SOURCE: Bausch + Lomb

Bausch + Lomb

March 09, 2011 14:01 ET

Early Vision Screenings and Eye Exams Help Save Kids' Sight

Bausch + Lomb's Initiative Encourages Early Exams for Save Your Vision Month

ROCHESTER, NY--(Marketwire - March 9, 2011) - Vision problems affect approximately 25 percent of school-aged children in the United States (Sources: American Foundation for the Blind and National Braille Press and All About Vision). Some of the most common eye issues in children include amblyopia or "lazy eye" and misalignment of the eyes, nearsightedness, farsightedness and astigmatism. Other serious issues include pediatric cataract, glaucoma and genetic diseases of the eye. To mark March as Save Your Vision Month, Dr. Joseph Barr reminds parents that early vision screenings and regular eye exams can help detect these problems early, when intervention and treatment is most effective.

He notes that many eye health issues, including retinal anomalies and pediatric cataract, may not present any symptoms until it is too late to correct them and a child's sight is damaged or lost. With proper diagnosis, early intervention and treatment, many vision problems and eye health issues can be corrected and kids' sight can be saved. "While I believe all children should have their eyes examined each year, it is especially important that children with risk factors for vision and eye health problems receive annual exams, not just vision screenings, which don't necessarily comprehensively check the health of the child's eyes," he adds. Some risk factors to note include: family history of eye disease, premature birth or low birth weight and infection in the mother during pregnancy.

Experts estimate that 80 percent of what people learn comes through visual processing of information, but according to the Centers for Disease Control, two-thirds of school-aged children don't receive any preventive vision care before they begin school. Poor vision affects a child's success in the classroom and nearly every other aspect of his or her life.

  • Dr. Barr recommends that children be given an eye exam before their first birthday; if there is a significant family history of eye problems, then he recommends an eye exam during the first six months. He points out that, "Eye care professionals offer different recommendations on when that first eye exam should take place for a child. An infant's visual system is developing so rapidly in the first year that any abnormalities in vision can have long-term effects if not identified and corrected quickly."

  • During the first few months of life many babies appear to have misaligned eyes -- but this is not usually the case. It's often an illusion caused by the relatively large size of their eyes. However, there can be conditions that result in misalignment. Crossed eyes occur at a rate of about four percent in the general population. Another approximately three percent of newborns are diagnosed with amblyopia. Sometimes referred to as "lazy eye," amblyopia prevents both eyes from working together to produce consistently aligned binocular vision, thus hindering the development of a normal visual pathway. Signs to look for are children covering up their eye or turning their head to favor one eye. If a child is showing these signs, they should visit an eye care practitioner right away, since amblyopia and crossed eyes can result in certain problems such as distorted depth perception. Early diagnosis and correction is important to prevent long-term vision problems.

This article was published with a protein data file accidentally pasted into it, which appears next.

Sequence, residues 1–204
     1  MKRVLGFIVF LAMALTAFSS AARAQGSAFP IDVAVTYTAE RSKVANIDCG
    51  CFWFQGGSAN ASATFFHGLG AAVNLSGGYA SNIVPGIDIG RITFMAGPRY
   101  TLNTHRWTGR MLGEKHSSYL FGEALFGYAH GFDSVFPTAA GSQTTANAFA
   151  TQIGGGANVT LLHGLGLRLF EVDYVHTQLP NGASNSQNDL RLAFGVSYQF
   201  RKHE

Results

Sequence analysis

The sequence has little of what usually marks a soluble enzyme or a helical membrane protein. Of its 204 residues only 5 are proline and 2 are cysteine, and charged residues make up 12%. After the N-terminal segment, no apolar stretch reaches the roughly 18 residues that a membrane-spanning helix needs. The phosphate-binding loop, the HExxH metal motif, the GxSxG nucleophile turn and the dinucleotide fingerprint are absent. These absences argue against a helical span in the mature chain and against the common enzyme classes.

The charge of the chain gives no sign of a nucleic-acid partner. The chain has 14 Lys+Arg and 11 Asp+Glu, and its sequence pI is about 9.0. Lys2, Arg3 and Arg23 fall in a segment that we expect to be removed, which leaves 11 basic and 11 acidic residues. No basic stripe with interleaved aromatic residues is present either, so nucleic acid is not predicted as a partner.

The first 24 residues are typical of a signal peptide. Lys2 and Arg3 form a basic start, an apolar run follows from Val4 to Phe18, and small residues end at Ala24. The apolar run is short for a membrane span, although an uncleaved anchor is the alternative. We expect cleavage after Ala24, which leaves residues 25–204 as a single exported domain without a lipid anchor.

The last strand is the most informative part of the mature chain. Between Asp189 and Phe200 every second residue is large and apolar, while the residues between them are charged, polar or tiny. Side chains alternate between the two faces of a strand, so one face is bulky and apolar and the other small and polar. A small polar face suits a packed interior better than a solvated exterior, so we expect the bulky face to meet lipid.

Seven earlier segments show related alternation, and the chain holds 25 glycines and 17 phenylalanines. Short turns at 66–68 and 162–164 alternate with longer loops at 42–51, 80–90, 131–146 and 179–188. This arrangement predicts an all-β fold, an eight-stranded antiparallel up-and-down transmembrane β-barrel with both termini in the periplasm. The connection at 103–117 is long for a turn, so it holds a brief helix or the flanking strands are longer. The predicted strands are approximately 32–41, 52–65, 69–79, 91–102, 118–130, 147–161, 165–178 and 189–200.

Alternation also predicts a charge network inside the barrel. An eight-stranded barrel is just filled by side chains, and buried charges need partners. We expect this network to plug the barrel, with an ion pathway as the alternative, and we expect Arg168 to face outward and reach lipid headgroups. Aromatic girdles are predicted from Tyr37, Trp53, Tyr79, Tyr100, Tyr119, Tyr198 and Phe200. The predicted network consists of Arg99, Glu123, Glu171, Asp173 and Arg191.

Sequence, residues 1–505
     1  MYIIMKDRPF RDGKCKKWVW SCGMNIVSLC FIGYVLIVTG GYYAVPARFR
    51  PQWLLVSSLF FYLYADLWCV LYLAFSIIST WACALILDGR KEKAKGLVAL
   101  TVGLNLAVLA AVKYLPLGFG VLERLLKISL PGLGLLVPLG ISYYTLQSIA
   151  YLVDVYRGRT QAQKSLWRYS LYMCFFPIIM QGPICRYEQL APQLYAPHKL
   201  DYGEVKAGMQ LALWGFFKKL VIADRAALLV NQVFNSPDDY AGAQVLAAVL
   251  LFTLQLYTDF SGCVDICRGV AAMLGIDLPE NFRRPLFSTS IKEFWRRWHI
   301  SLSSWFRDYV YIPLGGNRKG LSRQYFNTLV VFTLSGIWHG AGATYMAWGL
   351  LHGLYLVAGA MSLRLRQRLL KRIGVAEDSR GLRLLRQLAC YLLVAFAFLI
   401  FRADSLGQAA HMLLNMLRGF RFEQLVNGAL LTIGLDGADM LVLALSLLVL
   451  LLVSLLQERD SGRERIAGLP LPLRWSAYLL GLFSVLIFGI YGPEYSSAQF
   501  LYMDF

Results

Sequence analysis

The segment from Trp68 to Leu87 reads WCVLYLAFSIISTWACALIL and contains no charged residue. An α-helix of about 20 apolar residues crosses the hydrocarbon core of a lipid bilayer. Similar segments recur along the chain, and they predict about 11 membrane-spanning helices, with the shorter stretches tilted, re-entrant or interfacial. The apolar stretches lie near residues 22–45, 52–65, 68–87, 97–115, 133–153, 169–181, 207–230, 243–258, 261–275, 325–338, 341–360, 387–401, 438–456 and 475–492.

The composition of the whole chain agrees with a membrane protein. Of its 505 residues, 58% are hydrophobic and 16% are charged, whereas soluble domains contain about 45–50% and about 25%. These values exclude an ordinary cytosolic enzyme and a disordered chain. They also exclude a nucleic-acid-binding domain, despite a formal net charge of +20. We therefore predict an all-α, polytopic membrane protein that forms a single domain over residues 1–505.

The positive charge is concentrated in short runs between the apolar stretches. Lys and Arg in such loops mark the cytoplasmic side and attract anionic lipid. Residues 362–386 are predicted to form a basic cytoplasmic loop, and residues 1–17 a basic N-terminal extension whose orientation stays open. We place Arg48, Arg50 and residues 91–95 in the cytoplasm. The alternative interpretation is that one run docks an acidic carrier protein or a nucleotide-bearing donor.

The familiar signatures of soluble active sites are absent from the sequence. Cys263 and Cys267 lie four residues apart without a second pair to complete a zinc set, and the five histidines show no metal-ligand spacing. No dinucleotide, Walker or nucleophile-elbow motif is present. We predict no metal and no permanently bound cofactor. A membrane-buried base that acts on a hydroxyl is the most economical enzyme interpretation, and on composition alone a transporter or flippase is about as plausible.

• At birth or soon thereafter, a doctor will examine infants for a "white pupil" instead of the normal black pupil in both eyes; this often identifies a pediatric cataract. If your baby does show signs of cataract, removal of the cataract and follow-up care in the first weeks and months of life is important; failure to act or delay in treatment can lead to loss of vision or functional blindness. In the United States, incidence of pediatric cataract is relatively rare, although it is a more common problem in developing countries.

Dr. Barr is vice president of Global Clinical & Medical Affairs and Professional Services for Bausch + Lomb and a member of the advisory council for the Pediatric Cataract Initiative. This program is a global partnership between the Bausch + Lomb Early Vision Institute and Lions Clubs International Foundation that aims to protect children's eyes from long-term vision problems and prevent childhood blindness.

For more information about Dr. Joseph Barr and the Pediatric Cataract Initiative, visit

Note to Editors: Dr. Barr is available for phone and in-person interviews.

About the Bausch + Lomb Early Vision Institute
The Bausch + Lomb Early Vision Institute is a program of the global eye health company focusing on children's vision research, treatment, prevention and advocacy. Founded in 1853, Bausch + Lomb is one of the best-known and most respected healthcare brands in the world, with its contact lenses and solutions, ophthalmic pharmaceuticals, and ophthalmic surgical products available in approximately 100 countries. For more information, visit

About Lions Clubs International Foundation
Lions Clubs International Foundation is the grant-making body of Lions Clubs International, the world's largest volunteer service club organization. The LCIF SightFirst program, Lions' flagship initiative, builds comprehensive eye care systems to fight the major causes of blindness and care for blind and visually impaired persons. Since 1990, the SightFirst program has helped restore sight to more than 30 million people around the world. Lions have raised more than $415 million to provide surgeries, to improve of hundreds of eye care facilities and train of thousands of eye care professionals. For more information, visit

Contact Information